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A new challenge will be set upon Netflix as phone company Verizon Communications Inc. will start video streaming services this year with Redbox and its DVD rental kiosks.

Verizon and Coinstar Inc. said Monday its service will be national and available to non-Verizon customers as well, placing even more pressure on Netflix. Verizon currently own its own cable TV service, FiOS, in some locations and its wireless subsidiary also signed a deal to sell service from Comcast Corp. and other cable TV companies.

“We’ve made a conscious decision to innovate and get involved with this market because it’s legitimate and growing, and we think the partnership with Redbox gives us huge upside,” said Bob Mudge, president of Verizon’s consumer business.

The company’s FiOS business is fairly small with about 4.2 million subscribers, making it the seventh largest provider of TV signals to U.S. homes. With Verizon’s landline business shrinking the company is seeking other avenues of growth. To build the service, Verizon will take advantage of the relationships with Hollywood studios and other content producers it has built through FiOS, Mudge said.

Verizon and Coinstar didn’t reveal prices or other details of their service. It’s intended to give subscribers access to DVD and Blu-ray discs as well as streaming movies starting in the second half of the year, they said. Subscribers might visit the site to find that the movie they want isn’t available for streaming, but is available at a Redbox kiosk nearby, said Paul Davis, the CEO of Coinstar.

New York-based Verizon Communications Inc. will own 65 percent of the unnamed venture, with Bellevue, Wash.,-based Coinstar Inc. owning the rest. Redbox is contributing an initial $14 million to the venture, according to a regulatory filing. It did not say how much Verizon would contribute.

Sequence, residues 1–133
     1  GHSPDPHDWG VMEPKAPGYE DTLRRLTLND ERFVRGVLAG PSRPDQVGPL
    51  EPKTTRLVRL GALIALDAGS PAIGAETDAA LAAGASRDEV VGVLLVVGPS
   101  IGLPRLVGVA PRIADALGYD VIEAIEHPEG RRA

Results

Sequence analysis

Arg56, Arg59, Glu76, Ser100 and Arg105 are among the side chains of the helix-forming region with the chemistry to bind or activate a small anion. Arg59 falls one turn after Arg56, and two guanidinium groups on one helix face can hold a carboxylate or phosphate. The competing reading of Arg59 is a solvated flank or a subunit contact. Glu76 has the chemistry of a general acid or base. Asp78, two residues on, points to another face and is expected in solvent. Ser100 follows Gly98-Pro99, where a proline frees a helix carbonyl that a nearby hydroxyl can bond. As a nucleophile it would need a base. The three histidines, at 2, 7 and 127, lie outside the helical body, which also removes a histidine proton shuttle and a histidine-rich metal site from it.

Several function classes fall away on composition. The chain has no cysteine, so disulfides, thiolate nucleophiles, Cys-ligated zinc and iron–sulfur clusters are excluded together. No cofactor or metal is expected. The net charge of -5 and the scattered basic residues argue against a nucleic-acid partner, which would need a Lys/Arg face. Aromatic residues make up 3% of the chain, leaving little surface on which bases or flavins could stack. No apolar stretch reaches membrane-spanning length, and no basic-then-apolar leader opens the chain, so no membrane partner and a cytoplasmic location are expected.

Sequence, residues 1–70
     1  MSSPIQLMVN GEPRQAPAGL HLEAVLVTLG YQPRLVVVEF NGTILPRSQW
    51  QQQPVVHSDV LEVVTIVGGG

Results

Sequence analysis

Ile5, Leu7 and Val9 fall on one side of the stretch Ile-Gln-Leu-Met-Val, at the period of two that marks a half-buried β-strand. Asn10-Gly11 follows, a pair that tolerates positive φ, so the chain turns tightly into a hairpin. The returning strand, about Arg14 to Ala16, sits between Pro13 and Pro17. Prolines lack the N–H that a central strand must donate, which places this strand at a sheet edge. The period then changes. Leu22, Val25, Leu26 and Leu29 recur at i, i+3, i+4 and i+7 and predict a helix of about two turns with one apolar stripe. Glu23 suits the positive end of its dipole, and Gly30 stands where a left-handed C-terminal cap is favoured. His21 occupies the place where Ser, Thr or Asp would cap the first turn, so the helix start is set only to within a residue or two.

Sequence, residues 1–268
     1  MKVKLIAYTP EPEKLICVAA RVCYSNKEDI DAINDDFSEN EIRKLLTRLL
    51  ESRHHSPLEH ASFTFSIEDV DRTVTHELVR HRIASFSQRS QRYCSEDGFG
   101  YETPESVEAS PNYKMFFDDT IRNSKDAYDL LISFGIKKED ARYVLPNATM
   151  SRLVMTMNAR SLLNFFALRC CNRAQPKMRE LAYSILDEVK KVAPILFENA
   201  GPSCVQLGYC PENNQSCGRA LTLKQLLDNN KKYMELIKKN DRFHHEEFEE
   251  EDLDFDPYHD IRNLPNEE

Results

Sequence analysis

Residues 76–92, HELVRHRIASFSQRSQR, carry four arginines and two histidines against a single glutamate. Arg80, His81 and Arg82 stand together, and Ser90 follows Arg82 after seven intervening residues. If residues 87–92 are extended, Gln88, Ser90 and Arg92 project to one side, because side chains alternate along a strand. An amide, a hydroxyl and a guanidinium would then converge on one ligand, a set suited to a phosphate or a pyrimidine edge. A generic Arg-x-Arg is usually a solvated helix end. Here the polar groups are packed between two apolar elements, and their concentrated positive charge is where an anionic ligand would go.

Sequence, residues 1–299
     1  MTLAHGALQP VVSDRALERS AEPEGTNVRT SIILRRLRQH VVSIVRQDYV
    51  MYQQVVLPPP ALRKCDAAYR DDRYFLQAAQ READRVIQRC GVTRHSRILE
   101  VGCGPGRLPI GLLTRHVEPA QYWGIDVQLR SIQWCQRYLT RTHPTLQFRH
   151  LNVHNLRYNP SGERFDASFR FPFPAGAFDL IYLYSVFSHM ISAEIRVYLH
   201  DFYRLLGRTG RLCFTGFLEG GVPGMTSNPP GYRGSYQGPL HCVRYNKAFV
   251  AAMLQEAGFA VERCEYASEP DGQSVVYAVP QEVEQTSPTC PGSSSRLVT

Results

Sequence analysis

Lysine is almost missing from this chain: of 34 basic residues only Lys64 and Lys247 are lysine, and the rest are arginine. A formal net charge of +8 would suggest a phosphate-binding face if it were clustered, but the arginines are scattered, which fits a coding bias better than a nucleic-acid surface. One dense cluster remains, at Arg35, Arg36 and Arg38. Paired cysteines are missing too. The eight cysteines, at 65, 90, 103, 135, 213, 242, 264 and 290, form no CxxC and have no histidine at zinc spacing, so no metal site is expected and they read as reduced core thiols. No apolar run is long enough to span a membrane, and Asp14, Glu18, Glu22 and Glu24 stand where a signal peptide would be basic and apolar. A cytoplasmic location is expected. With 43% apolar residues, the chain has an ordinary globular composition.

In morning trading Monday, Coinstar’s stock fell 6 cents to $49.60 after initially jumping 6.6 percent on the news. Verizon shares rose 6 cents to $37.90. Netflix shares fell $3.59, or 2.8 percent, to $122.84.

Netflix already has a couple of powerful competitors with video streaming services. Amazon.com Inc. provides a library of movies and TV shows to subscribers to its Amazon Prime shipping services. Wal-Mart Stores Inc., the world’s biggest retailer, has a streaming service called Vudu.

Neither of these competitors combines Internet delivery of movies with DVDs, like Netflix does. However, Netflix started charging separately for its DVDs-by-mail and online streaming services last year, saying DVDs are on their way out and Internet delivery is its focus.

Netflix alienated customers even more when it said it would split the two services completely, forcing customers to deal with two movie queues. It backed off that plan after an outcry, demonstrating that customers found value in the combination of Internet movies and discs from one company.

Redbox appears to have benefited from Netflix’s troubles, picking up some of the customers who have defected from its DVD service. It now claims to be the biggest DVD rental service in the country, thanks to its more than 28,000 kiosks in drugstores and supermarkets.

via AP


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